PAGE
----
# x Trigger Notation

In Roll You Own Syntax, I theorized how users could construct their own systems of notation using strings. I’ve constructed a working function, called trig(), to show how it’s done.

First, let’s see trig() in action. The following is complete conceptual prototype Slipmat program that generates a rock drum groove with 8th note hats:

```#!/usr/bin/env slipmat

from JakeLib.Generators import trig
from EasyKit import hat, snare, kick

@trig('x.x. x.x. x.x. x.x.') hat()
@trig('.... x... .... x...') snare()
@trig('x... .... x... ....') kick()
```

This horizontal system for notating triggers, and others like it, can greatly improve the legibility of a piece, while catering to a composer’s preferred style of working. A composer quickly scans this and comprehends it without having to reconstruct it in their head from a list of individual events:

```@0    hat()
@0    kick()
@0.5  hat()
@1    hat()
@1    snare()
@1.5  hat()
@2    hat()
@2    kick()
@2.5  hat()
@3    hat()
@3    snare()
@3.5  hat()
```

The form is lost in translation.

Building the function is pretty straight forward if you’re somewhat experienced with Python. I put together the following function definition, with docstrings, in roughly 15 minutes:

```def trig(seq, res=0.25):
'''
Creates a numeric sequence from a string and returns a list.

Description:
A string trigger sequencer, where an 'x' creates a trigger, and a
'.' creates a rest. All other glyphs are ignored. The resolution
of triggers and rests are determined by the argument res.

Input:
seq -- A string containing a sequence of 'x' triggers and '.' rests
res -- Resolution of note triggers and rests

Output:
return -- A numeric list
'''

L = []  # The return list
p = 0   # Position in sequence

for c in seq:
if c == 'x':
L.append(p * res)
p += 1
elif c == '.':
p += 1

return L
```

The trig() function accepts a string formatted in what I call ‘x trigger notation.’ The function parses the string and auto-generates a list of numbers representing trigger times. A trigger is denoted by an ‘x’, while a rest is a ‘.’. All other glyphs are ignored. I use a single space between beats for clarity. The default resolution is a 16th note, though trig() accepts an optional argument for changing the resolution, increasing its usefulness.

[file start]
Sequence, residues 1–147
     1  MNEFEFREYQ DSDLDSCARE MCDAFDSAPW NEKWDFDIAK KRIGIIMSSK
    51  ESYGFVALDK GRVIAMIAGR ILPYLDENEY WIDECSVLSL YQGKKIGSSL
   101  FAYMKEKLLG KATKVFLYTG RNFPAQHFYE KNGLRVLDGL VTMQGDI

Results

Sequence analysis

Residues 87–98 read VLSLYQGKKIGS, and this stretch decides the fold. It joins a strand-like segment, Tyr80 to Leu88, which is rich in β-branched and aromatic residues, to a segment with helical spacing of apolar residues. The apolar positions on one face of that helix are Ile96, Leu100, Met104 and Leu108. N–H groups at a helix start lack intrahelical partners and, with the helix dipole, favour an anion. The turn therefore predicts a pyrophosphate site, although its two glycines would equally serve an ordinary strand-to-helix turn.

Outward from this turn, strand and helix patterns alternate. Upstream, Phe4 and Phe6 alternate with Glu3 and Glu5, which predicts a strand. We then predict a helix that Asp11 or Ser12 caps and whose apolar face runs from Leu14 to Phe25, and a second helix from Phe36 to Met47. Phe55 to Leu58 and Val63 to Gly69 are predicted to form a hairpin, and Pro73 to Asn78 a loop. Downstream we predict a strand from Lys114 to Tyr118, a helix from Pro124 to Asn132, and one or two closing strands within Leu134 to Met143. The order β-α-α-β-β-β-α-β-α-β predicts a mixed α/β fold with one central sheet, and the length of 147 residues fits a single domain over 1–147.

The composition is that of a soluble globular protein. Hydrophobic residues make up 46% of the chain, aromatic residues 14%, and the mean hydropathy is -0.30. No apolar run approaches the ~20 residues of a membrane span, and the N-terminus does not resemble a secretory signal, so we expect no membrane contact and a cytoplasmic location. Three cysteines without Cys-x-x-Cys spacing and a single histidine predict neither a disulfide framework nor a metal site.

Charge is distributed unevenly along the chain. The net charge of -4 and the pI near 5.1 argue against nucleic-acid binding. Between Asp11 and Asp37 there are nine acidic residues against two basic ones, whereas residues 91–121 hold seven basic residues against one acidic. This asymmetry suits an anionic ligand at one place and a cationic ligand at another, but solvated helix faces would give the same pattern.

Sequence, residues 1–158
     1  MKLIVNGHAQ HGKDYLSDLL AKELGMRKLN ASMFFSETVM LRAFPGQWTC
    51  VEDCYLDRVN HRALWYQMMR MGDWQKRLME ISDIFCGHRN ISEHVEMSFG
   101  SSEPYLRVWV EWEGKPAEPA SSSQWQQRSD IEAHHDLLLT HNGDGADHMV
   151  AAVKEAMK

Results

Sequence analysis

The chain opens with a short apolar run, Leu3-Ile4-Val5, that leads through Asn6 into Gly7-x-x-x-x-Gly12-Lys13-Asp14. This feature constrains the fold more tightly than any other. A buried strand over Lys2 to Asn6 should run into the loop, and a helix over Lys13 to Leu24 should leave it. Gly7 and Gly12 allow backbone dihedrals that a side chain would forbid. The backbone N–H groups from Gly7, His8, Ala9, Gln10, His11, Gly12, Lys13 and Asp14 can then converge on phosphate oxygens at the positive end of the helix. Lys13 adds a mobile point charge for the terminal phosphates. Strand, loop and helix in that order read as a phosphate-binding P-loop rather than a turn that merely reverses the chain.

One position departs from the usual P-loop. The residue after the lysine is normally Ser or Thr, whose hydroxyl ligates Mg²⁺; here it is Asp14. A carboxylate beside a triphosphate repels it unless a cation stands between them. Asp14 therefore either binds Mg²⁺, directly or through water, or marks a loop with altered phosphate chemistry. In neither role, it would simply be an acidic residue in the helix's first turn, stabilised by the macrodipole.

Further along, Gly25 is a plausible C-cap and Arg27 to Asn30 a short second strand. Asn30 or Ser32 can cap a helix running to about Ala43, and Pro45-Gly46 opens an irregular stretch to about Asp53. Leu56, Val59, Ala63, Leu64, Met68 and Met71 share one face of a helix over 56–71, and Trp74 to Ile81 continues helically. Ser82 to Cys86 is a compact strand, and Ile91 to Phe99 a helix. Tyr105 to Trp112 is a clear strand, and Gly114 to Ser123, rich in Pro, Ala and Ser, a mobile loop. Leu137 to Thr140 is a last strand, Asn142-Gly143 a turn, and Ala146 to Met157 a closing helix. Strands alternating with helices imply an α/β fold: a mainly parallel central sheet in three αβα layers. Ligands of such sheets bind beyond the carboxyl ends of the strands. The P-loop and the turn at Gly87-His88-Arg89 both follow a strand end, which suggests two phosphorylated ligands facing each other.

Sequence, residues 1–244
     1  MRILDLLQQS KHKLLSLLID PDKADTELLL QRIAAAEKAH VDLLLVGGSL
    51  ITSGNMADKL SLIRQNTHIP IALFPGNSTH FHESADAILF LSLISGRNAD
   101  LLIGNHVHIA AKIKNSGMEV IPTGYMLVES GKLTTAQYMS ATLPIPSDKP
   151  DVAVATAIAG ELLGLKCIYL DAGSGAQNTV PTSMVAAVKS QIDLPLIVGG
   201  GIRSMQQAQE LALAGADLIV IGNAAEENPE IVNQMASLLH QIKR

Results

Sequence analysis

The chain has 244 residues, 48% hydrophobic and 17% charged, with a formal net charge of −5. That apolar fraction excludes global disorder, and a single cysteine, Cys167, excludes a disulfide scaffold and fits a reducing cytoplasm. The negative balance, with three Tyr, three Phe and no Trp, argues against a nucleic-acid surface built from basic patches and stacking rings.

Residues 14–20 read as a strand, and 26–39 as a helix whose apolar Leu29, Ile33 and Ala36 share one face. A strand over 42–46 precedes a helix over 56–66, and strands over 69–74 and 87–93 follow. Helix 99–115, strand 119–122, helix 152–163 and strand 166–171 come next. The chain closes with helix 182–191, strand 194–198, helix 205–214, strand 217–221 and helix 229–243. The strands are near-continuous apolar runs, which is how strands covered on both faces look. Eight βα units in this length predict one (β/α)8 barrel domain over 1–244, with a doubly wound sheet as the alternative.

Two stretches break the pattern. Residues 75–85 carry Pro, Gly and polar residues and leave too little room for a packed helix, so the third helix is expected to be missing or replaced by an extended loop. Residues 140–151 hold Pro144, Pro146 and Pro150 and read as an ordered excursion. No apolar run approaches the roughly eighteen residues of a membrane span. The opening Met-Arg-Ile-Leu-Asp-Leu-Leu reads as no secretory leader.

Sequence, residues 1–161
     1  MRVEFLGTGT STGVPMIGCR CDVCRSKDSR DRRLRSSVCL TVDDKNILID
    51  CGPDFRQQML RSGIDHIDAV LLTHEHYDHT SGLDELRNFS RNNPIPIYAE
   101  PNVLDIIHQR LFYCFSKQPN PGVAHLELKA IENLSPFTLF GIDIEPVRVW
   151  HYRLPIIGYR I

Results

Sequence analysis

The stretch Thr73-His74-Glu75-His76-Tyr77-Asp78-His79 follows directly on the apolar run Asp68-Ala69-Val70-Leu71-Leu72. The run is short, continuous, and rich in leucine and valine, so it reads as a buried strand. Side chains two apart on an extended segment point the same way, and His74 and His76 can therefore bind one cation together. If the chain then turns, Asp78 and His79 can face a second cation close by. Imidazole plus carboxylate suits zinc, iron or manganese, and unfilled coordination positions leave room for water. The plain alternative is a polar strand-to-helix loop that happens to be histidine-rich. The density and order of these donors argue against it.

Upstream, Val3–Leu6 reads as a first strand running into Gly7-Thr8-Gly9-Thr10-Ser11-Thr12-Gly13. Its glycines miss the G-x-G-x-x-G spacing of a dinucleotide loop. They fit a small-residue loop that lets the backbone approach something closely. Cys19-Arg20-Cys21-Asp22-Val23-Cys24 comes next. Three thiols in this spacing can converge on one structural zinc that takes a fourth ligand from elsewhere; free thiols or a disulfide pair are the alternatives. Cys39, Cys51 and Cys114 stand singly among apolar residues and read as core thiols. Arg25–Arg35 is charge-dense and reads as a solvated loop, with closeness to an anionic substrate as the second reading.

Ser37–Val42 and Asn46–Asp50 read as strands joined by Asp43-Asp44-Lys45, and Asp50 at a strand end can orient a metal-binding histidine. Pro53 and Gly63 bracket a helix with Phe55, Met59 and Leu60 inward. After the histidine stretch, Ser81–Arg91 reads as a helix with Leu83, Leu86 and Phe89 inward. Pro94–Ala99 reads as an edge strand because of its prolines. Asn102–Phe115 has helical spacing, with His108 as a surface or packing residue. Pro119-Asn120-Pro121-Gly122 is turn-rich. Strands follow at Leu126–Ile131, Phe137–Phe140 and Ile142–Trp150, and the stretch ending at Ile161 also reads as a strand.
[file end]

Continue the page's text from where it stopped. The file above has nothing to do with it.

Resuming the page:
Import, Reuse, Remix

The best part about custom functions is that they can be reused multiple times in multiple programs by multiple people with the use of the import. No refactoring of code, no copy and paste, no reinventing of the wheel. Just import, reuse, remix.

# Roll Your Own Score Syntax

A music language that comes with a fully-loaded set of string capabilities, including regular expressions, would allow users to develop their own methods for notating music. For example, here is a horizontal representation for rhythm guitar.

```@0  strum('C',  '/... /... /./. /...')
@4  strum('Dm', '/... /... //// /./.')
@8  strum('G7', '/... /... ///. ../.')
@12 strum('C',  '/... /... /... ///.')
```

The slash triggers an event and advances time by a 16th note. The dot just advances time by a 16th note. A space does nothing.

These 4 lines of code represent 24 events. Not only does this shorten the score and save keystrokes, but is far more readable than if each individual event was explicitly written. In fact, I bet there are many guitar players out there that could play this as it’s written, providing he or she was given a brief explanation about the notation.

What about a system for triggering drums? Here’s the all-to-familiar 4-beat rock pattern with 8th note hats.

```trigger(hat(),   'x.x. x.x. x.x. x.x.')
trigger(snare(), '.... x... .... x...')
trigger(kick(),  'x... .... x... ....')
```

Once again, the music is notated horizontally. Instead of 12 lines of code, there are only 3. Let’s take a look at the vertical equivalent:

```@0   hat()
@0   kick()
@0.5 hat()
@1   hat()
@1   snare()
@1.5 hat()
@2   hat()
@2   kick()
@2.5 hat()
@3   hat()
@3   snare()
@3.5 hat()
```

In theory, people could write slipmat modules that mimic other text-based notation systems, such as the Csound score language.

```import CsoundScore as CS
from MyLibrary import bassFM

# For mapping slipmat instruments to a Csound-styled score
instrs = {"i1": bassFM(), "i2": pad()}

# A Csound-styled score
score = '''
i 1 0 2 0.5 7.00
i 1 + . .   6.05

i 2 0 8 0.333 8.09 0.77 1000
'''

CS.playScore(instrs, score)  # Play Csound-styled score
```

That would translate to:

```@0 bassFM(2, 0.5, 7.00)
@2 bassFM(2, 0.5, 6.05)
@0 pad(8, 0.333, 8.09, 0.77, 1000)
```

Much of this can be done with some of the existing music languages out in the wild. The guitar strum and drum trigger examples can be accomplished in pure Csound code (see dseq — A Drum Machine Micro-Language). Even more so, Csound combined with the Python API can do some truly amazing things along these lines. Though it probably wouldn’t be nearly as fluid as a language that had this in mind when being designed from the ground up.

If you haven’t done so yet, take a moment to ponder the possibilities. And be sure to think about the things others will dream up that can be simply imported into your own compositions/synthesizers/sequencers/etc…